Hollywood can't get enough of fairly tales and mythic heroes. They're branded, for one thing. News of a few noteworthy projects dropped over a crowded awards weekend.
- Two Snow White movies is already too many, so Disney changed plans for long-gestating "Snow White and the Seven Dwarfs" (originally written by Michael Chabon) to "The Order of the Seven." Saoirse Ronan may revisit her "Hanna" ass-kicking skills as the lead. The story has evolved -- shedding Snow White altogether -- and now follows an expat, Olivia Sinclair, living in Hong Kong who seeks protection from a group of elder warriors-cum-outlaws. According to Variety: "After the reemergence of an ancient evil empress, Sinclair helps the warriors reclaim their destiny and noble roots." Here's more on the reworked plot, from scripters Jayson Rothwell and Michael DeBruyn.
The seven are a 19th century-set disparate band of international warriors belonging to a centuries-old order who have lost their way. Their meeting with an Englishwoman being chased by an ancient evil is the catalyst for their redemption. While the project is set in China, the warriors will be from locales near (the U.S.) and far (Russia), and each warrior will have a unique fighting style.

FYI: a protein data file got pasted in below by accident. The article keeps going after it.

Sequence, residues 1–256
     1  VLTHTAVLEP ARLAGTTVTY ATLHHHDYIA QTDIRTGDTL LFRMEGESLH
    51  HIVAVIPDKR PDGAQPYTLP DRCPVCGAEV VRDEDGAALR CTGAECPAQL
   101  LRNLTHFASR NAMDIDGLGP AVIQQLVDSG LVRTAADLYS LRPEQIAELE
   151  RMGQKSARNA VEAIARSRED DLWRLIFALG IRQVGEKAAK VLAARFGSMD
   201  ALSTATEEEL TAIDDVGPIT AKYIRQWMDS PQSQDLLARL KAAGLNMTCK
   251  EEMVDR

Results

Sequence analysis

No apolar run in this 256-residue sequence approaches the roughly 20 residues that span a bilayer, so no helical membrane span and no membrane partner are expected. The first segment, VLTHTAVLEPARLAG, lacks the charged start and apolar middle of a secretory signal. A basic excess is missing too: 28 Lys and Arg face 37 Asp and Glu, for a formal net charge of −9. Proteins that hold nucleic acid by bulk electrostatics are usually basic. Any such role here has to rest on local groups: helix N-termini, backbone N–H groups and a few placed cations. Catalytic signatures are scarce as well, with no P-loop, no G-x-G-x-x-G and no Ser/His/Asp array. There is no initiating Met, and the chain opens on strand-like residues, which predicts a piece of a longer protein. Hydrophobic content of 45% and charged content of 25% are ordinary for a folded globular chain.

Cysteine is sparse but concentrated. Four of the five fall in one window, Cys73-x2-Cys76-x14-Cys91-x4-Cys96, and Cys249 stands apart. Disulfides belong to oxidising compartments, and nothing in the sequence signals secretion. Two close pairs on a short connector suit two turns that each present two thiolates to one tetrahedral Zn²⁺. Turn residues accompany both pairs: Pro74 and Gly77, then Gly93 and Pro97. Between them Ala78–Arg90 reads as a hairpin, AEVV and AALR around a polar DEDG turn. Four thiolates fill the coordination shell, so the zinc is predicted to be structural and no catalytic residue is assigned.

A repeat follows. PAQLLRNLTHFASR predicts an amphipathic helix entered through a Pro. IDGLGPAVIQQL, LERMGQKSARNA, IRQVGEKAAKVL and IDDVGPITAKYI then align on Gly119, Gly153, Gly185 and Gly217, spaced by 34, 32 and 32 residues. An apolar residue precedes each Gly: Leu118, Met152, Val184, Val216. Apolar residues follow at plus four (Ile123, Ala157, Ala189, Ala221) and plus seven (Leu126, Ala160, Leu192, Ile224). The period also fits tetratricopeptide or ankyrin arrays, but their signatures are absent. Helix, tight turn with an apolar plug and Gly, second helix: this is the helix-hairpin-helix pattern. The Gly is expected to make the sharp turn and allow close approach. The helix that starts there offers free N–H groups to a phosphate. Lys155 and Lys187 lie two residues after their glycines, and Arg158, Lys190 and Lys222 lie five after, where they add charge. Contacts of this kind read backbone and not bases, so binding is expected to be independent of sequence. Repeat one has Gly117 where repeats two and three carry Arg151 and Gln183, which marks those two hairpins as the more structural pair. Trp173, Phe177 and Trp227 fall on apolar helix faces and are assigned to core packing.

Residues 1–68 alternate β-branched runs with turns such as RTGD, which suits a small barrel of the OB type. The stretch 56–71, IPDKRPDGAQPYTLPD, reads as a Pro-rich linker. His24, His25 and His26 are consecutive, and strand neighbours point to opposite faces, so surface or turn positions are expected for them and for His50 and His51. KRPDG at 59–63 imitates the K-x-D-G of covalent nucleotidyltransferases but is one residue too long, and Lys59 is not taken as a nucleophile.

- And yet another fairy tale, "Beauty and The Beast," is getting a retelling by French director Christophe Gans. Vincent Cassel and Lea Seydoux ("Mission: Impossible - Ghost Protocol") are said to be playing the title characters. Gans is eyeing an October shoot with France's Eskwad and Pathé producing. The director wants to “surprise the audience by creating a completely new visual universe never experienced before," he states. We hope he does, since the story has been told many times before and also has two new TV series in the works. Cassel and Seydoux sound like casting perfection.
- And in non fairy-tale news, Ridley Scott and his "Prometheus" star Michael Fassbender are rumored to be lined up for Cormac McCarthy's "The Counselor." McCarthy's script was initially fated to be a novel, but it evolved into his first screenplay and ended up with producers Nick Wechsler, and Steve and Paula Mae Schwartz ("The Road"). The story's contemporary Southwestern world is akin to that of McCarthy's "No Country for Old Men," with a lawyer attempting to profit off involvement with the drug business without letting it suck him in, ending up desperate and struggling to stay alive. Fingers crossed this becomes official.